1. You are right. I remember my first time in therapy, saying something like “I wish I could go back to before – when I didn’t know what I know what I know now.” – he said he hears this often.

        I have noticed I have a life pattern of people from my past returning to me – coming back into my life. One was my first love – who is a narcissist and my reunion with him is what began all of this for me – and since then – there have been several friends from my past who have gotten in touch with me, swoop back into my life. Seem so happy to see me again – what I have been getting from this/them is the same thing I got from the narcissist who re-entered my life “Oh. So I was significant to you. Our relationship did mean something to you. You didn’t realize then but now you do.” – I think this is tied to hanging onto a false hope that I’d get this from my parents too someday. But I know it won’t happen.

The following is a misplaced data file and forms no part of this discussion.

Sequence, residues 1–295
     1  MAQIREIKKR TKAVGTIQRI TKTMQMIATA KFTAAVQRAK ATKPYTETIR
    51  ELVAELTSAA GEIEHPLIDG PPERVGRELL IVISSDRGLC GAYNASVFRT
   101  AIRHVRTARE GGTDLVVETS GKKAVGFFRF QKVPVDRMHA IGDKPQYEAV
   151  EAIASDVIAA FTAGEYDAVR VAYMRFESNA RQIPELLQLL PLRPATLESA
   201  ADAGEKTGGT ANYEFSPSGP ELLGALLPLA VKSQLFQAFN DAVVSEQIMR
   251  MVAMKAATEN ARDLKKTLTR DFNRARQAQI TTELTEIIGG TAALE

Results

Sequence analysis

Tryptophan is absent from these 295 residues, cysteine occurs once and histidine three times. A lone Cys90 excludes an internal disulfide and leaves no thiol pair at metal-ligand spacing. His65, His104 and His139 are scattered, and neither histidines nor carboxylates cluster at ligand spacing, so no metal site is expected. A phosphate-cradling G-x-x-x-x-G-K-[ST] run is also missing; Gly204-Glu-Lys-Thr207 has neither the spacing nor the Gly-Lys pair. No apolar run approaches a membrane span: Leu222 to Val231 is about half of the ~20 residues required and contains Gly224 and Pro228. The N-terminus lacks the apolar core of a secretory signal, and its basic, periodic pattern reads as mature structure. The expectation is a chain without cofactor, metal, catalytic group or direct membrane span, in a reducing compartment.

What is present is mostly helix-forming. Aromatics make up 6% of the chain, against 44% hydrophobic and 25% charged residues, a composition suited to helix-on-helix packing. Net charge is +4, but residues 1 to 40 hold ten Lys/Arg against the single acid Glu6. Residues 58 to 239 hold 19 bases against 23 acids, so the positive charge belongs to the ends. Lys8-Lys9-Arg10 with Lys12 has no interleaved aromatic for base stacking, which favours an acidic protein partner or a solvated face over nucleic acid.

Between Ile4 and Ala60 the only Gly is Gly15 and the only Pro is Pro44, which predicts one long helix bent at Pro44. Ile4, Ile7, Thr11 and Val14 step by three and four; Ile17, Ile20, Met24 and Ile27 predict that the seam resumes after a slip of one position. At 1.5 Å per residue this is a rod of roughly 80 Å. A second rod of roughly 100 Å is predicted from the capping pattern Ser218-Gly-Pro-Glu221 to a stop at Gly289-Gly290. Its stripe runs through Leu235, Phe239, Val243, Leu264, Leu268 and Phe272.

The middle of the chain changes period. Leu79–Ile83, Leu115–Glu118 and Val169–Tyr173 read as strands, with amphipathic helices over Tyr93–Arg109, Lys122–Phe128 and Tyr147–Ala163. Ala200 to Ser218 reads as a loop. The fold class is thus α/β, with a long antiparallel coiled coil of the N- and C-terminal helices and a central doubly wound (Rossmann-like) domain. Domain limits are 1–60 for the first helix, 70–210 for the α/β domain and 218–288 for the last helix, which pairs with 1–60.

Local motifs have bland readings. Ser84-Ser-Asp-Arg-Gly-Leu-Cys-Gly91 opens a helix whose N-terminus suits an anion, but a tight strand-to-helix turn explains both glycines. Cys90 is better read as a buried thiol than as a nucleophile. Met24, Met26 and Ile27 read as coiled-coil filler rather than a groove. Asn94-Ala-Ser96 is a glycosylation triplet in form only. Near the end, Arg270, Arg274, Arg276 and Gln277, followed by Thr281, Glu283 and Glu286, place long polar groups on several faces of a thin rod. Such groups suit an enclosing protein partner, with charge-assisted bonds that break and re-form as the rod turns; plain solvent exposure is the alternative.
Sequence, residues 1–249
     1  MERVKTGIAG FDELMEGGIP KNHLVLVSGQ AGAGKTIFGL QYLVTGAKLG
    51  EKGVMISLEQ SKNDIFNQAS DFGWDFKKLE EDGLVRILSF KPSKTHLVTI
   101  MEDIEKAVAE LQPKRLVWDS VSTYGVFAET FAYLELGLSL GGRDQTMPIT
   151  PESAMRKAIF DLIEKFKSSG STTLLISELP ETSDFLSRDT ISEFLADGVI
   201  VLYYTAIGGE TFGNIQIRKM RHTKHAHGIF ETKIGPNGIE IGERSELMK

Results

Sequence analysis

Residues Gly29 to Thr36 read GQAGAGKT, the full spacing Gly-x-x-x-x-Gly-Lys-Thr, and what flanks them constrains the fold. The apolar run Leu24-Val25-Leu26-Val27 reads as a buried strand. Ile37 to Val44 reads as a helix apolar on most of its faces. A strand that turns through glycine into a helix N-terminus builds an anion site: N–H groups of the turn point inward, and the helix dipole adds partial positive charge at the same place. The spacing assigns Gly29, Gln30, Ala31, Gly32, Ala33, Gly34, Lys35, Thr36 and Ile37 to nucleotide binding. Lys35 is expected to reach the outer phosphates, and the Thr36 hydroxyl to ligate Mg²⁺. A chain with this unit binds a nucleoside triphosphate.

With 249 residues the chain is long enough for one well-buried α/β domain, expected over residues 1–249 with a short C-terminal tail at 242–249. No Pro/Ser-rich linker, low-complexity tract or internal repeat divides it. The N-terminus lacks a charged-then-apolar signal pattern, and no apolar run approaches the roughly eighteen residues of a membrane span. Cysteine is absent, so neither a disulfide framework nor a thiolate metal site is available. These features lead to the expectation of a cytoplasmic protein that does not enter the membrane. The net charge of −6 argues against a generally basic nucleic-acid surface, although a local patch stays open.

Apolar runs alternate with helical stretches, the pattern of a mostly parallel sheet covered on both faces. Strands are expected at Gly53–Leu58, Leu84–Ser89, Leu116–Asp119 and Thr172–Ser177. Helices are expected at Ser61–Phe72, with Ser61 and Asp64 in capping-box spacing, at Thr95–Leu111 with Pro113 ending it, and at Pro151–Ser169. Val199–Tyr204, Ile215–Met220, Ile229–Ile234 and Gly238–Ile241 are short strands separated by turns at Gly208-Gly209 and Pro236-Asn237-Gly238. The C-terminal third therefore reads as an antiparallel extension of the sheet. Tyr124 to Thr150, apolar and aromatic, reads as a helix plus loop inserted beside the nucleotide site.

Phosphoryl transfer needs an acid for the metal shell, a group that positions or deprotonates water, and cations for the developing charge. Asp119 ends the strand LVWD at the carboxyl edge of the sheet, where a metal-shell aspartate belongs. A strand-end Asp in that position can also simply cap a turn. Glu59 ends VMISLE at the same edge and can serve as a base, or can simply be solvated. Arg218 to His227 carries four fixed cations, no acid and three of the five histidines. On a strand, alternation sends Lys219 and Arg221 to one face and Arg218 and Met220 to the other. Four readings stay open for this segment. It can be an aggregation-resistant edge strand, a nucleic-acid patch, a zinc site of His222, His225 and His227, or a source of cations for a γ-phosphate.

After the friend comes back – we have a great time together – and then very quickly I learn they are going through or have recently gone through some sort of drama in their life. They want a person to talk to and listen to them – hear their story – I sit and listen. Then it keeps going – no more having fun together – it’s constantly them talking about the drama going on in their lives.

        I say one thing – and BOOM – I get the silent treatment – they’ll get in touch here and there – but then I stop hearing from the all together.

        And I don’t feel I’ve said anything to forceful for the to face – it can be any little thing – for example one of these friends is involved in a very problematic relationship with a man who is splitting his time between her and another woman he lives with. It’s been making her miserable and it’s gone on for over a year now.

        She calls me when she’s having a bad night – and she has repeated said, “My life is ruined thanks to him. I’ve lost most of my friends!” – this isn’t true. She hasn’t lost any friends – and in fact has TONS of them – I’ve met them – I have very few friends – so I get a bit irritated when I hear things like this.

        I told her – “You’re having a bad moment right now and seeing everything through a negative filter. You’ve said to me before you’ve lost your friends but You have many friends who care about you, and your lucky.” – I got the silent treatment after that.